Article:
Which School of Economics Do You Belong To? | TopMBA.com

Which School of Economics Do You Belong To?

By Tim Dhoul

Updated April 18, 2021 Updated April 18, 2021

Many aspiring MBAs, particularly those with a background in finance, will be more than familiar with the concept of there being differing ideologies and tracts of thought in economics – but do you know which school of economics best represents your own viewpoint?

Ha-Joon Chang is a renowned figure in the field of development economics and currently holds the position of reader (equivalent to professor) at the University of Cambridge. As well as having served as a consultant to the World Bank, he is regarded as having had a strong influence on Rafael Correa, Ecuador’s incumbent president.

Writing around the theme of accessibility in his new book, Economics: The User's Guide, Chang brings to light some common misconceptions about the subject – including the idea of there being many more than just one school of economics.

Indeed, Chang wants to highlight how different one school of economics can be from another. To assist him in his quest, we’ve formed a basic quiz from his informative table which should allow you to see school of economics best represents you….

1. Individuals are...

A. selfish and rational (but rationality is defined in class terms)

B. selfish and rational, except for workers fighting for socialism

C. not very rational (driven by habits and animal spirits); ambiguous on selfishness

D. no strong view

E. no strong view, but emphasis on non-rational entrepreneurship

F. selfish and rational

G. only boundedly rational and layered

H. layered (instinct – habit – belief – reason)

I. selfish but layered (rational only because of an unquestioning acceptance of tradition)

 

2. The world is...

A. certain (‘iron laws’)

B. certain (‘laws of motion’)

C. uncertain

D. uncertain, but no strong view

E. no strong view but complex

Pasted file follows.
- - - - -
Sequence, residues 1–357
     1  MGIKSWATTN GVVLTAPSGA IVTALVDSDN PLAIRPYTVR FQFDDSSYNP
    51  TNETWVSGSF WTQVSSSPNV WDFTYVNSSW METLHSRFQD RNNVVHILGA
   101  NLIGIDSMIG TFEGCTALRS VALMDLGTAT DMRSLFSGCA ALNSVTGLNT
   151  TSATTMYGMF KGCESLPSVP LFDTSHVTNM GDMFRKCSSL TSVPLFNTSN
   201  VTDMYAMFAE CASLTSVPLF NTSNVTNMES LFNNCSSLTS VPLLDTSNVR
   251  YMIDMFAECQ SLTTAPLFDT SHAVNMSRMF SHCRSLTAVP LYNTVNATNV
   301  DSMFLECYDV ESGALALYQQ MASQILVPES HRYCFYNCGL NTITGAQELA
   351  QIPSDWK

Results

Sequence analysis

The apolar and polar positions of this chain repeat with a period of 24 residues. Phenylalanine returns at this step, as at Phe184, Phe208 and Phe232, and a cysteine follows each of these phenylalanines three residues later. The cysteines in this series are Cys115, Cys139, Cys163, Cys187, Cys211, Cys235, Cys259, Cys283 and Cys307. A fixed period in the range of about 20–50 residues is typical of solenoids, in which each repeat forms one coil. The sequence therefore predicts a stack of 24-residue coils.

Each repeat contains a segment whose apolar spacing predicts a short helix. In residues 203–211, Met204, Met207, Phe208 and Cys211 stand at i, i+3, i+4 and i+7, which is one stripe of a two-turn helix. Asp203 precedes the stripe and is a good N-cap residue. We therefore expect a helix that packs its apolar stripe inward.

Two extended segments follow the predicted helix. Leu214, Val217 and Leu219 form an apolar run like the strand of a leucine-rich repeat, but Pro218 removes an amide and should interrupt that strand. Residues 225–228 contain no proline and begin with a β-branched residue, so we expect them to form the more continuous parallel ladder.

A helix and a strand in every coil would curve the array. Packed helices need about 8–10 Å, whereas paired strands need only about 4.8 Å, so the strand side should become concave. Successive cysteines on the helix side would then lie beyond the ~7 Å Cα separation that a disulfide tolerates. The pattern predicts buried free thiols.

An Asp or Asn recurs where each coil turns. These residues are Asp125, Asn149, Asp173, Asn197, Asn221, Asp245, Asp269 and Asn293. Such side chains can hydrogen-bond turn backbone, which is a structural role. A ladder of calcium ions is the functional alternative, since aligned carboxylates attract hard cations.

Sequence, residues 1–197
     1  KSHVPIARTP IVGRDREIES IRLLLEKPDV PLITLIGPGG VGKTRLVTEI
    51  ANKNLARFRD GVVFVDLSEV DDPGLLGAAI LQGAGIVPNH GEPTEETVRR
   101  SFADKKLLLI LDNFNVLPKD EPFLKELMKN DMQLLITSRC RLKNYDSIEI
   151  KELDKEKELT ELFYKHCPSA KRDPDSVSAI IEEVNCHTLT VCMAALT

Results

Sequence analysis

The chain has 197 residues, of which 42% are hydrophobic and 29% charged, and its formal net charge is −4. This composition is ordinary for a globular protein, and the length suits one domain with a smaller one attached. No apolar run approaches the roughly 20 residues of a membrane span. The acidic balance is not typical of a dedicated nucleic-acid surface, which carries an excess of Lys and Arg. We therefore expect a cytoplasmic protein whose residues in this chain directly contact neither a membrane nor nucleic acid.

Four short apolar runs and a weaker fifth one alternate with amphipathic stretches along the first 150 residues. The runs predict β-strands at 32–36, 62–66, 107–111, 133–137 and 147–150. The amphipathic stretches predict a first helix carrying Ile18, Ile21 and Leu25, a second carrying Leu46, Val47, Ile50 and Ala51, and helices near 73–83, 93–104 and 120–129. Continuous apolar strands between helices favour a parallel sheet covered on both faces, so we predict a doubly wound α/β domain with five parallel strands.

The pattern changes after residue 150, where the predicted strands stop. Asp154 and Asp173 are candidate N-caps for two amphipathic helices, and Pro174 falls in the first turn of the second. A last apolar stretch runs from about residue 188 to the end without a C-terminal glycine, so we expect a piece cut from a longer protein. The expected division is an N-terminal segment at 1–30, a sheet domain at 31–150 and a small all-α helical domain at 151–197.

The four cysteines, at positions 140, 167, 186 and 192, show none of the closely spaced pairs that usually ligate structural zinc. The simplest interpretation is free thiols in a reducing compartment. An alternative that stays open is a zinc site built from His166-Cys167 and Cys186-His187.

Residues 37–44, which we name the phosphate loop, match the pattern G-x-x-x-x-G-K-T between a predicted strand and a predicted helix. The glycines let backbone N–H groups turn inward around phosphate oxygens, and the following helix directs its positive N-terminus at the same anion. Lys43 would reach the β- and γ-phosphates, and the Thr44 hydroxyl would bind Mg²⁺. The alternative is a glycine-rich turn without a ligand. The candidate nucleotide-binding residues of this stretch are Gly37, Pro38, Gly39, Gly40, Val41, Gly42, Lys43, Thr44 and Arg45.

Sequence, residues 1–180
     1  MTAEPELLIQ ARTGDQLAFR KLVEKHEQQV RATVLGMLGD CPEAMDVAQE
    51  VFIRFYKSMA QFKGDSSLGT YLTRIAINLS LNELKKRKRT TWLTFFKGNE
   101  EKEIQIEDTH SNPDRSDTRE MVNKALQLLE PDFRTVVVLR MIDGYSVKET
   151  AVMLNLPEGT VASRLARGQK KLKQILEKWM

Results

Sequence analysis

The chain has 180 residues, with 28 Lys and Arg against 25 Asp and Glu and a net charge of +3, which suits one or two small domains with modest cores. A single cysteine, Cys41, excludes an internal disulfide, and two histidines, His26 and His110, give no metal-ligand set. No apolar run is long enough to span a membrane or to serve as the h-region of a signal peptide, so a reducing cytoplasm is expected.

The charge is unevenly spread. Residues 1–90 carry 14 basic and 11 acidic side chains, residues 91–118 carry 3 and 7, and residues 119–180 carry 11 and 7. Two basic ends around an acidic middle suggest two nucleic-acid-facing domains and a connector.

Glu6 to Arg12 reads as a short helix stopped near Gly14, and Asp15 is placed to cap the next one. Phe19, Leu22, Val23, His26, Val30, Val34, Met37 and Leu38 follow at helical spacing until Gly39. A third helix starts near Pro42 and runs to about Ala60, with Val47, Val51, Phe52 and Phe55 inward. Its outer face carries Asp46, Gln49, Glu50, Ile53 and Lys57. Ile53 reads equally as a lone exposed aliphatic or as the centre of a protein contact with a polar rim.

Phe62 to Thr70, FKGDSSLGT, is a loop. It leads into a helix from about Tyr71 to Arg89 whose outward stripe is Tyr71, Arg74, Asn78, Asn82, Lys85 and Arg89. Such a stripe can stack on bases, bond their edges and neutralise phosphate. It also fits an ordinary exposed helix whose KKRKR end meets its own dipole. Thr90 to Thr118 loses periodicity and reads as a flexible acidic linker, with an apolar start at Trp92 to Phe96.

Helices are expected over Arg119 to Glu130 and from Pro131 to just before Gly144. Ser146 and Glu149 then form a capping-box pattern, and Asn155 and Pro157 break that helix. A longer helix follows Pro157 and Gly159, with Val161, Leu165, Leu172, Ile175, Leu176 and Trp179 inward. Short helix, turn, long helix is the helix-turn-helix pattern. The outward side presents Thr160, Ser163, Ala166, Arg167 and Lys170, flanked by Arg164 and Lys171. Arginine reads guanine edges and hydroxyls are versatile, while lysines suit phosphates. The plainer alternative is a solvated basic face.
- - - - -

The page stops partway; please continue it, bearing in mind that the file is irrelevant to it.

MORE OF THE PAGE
F. certain with calculable risk

G, H & I: complex and uncertain

 

3. The economy is made up of...

A, B & C: classes

D: no strong view, but more focused on classes

E: no particular view

F &I: individuals

G: individuals, organizations and institutions

H: individuals and institutions

I: individuals

 

4. The most important domain of the economy is...

A, B, D & E: production

C: ambiguous, with a minority paying attention to production

F: exchange and consumption

G: no strong view, but some bias towards production

H: no strong view, but puts more emphasis on production than do the Neoclassicals

I: exchange

 

5. Economies change through...

A: capital accumulation (investment)

B: class struggle, capital accumulation and technological progress

C: ambiguous, depends on the economist

D: developments in productive capabilities

E: technological innovation

F: individual choices

G: no strong view

H: interaction between individuals and institutions

I: individual choices, but rooted in tradition

 

6. Policy recommendations

A & I: free market.

B: socialist revolution and central planning

C: active fiscal policy, income redistribution towards the poor

D: temporary government protection and intervention

E: ambiguous – capitalism is doomed to atrophy anyway

F: free market or interventionism, depending on the economist’s view on market failures and government failures

G: no strong view, but can be quite accepting of government intervention

H: ambiguous, depends on the economist

 

Results

How did you get on? Which school of economics best represents you? If you found yourself agreeing with one letter more than any other then you’re in one of the following camps:

Mostly A’s: Classical

Mostly B’s: Marxist

Mostly C’s: Keynesian

Mostly D’s: Developmentalist

Mostly E’s: Schumpeterian

Mostly F’s: Neoclasscial

Mostly G’s: Behaviouralist

Mostly H’s: Institutionalist

Mostly I’s: Austrian

This article was originally published in June 2014 . It was last updated in April 2021

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Written by

Tim is a writer with a background in consumer journalism and charity communications. He trained as a journalist in the UK and holds degrees in history (BA) and Latin American studies (MA).

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